This was a well-written story about two women connected by fate, circumstance, and blood. Mosse cleverly tells parallel stories about Alice and Alais--two women who lived hundreds of years apart, yet they share a connection in the present. The characters are well-thought out and very intriguing. I could not put this book down as I always wanted to find out what happened next.
Guest More than 1 year ago
As a busy mother of three I look forward to some down time with a good book at night before bed. Too often, though, I end up falling asleep before reading too much. Kate Moss' Labyrinth succeeded in keeping me interested and awake. Through Bzzagent I learned of this book and it's similarity to The DaVinci Code in that it involves a search for the Holy Grail. As I started reading it I learned that aside from that fact it is a very different story. In fact, Labyrinth is actually two stories that are wondefullly woven together. The book jumps back and forth from present day France, where a young woman named Alice stumbles across something that eventually puts her and others in danger, and 13th century France, where another young woman named Alais learns that her father has been the guardian to an ancient secret. With each new chapter I became more engrossed in the two stories. I was always surprised when the story would again move 800 years - and at the same time I was excited to learn more about each story. The closer I got to the end of the book the more curious I was to see how these two stories, these two women, would ultimately come together. I was not disappointed.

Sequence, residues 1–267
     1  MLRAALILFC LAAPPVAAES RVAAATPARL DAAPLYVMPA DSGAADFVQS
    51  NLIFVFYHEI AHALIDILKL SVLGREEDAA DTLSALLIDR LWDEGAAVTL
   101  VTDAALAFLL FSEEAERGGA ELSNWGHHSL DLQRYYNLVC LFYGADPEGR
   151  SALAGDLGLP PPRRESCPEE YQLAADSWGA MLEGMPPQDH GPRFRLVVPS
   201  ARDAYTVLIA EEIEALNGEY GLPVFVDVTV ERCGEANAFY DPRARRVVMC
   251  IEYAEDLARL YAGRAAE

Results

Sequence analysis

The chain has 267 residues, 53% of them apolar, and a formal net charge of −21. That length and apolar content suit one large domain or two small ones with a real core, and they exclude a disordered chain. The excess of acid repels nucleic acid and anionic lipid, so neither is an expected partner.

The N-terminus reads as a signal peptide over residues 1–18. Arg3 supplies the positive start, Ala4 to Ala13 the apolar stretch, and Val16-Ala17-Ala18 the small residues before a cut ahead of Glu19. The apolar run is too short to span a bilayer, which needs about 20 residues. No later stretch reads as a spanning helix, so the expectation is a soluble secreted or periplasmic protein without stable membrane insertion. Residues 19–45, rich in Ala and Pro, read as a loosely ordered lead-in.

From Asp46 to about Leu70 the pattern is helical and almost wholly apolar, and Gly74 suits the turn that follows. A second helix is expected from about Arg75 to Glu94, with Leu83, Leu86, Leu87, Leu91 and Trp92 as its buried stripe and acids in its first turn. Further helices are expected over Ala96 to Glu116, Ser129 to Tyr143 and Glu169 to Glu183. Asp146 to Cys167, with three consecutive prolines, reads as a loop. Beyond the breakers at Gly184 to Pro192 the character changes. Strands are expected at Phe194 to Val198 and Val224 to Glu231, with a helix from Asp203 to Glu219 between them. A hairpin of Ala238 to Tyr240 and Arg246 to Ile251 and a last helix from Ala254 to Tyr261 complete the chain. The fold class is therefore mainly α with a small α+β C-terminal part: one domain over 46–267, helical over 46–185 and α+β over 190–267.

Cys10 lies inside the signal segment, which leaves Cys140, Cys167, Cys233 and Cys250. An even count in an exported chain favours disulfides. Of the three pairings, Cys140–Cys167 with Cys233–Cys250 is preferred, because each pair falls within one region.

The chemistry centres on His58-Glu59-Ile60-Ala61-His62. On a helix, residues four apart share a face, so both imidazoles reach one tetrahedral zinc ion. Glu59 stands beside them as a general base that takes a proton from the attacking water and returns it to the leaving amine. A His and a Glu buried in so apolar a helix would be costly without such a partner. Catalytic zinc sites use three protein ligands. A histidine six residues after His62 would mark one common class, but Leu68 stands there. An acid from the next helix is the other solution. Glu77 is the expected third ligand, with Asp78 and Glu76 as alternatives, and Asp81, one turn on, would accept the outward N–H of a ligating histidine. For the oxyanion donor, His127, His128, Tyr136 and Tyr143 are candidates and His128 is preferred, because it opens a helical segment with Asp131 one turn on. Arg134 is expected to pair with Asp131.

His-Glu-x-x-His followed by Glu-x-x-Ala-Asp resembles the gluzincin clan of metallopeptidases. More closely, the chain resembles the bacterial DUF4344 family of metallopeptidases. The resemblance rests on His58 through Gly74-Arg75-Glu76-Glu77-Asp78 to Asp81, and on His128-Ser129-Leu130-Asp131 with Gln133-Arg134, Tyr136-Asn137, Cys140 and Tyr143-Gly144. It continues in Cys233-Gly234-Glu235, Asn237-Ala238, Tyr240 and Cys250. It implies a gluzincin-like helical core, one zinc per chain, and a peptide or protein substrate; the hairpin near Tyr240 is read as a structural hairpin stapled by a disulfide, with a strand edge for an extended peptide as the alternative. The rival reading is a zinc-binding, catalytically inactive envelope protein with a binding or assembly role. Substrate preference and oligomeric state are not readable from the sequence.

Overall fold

Guest More than 1 year ago
I enjoyed Mosse's writing style. Though separated by time Alice and Alais stories run parallel while told in a linear manner that flows very well. This fictional lesson in Southern France middle age history shows us the cruelties of power and religious fanaticism.
Guest More than 1 year ago
I bought this book on CD to listen in my car as I drive to and from work. The story was slow, and would have lost my attention, if it had not been an audiobook. I didn't care too much for the ending, and found it to be a bit too perdictable.
Guest More than 1 year ago
An amazing feat of story telling intertwined between the centurys. An adventure old as time, is brought into a fresh light. Mosse actually brings you into the past to the point where you feel you could be 'Alais.'
Guest More than 1 year ago
It was worth reading and it kept me coming back for more, but only for the older story. The modern one was disjointed and very uneven, too many people, she seem to care more for the backstory and it showed, it out shined the whole book. I loved that part of the book and it ended wonderful , but like i said the modern story flopped.
Guest More than 1 year ago
This work by Kate Mosse is a certain page turner to those who are open minded and willing to search for proven facts in our past. She's a master of her subject, worthy of recognition and respect from her peers. Enjoy this epic. If you cannot travel to the South of France physically, the story, vicariously, takes you there and and you live it along with Kate's characters.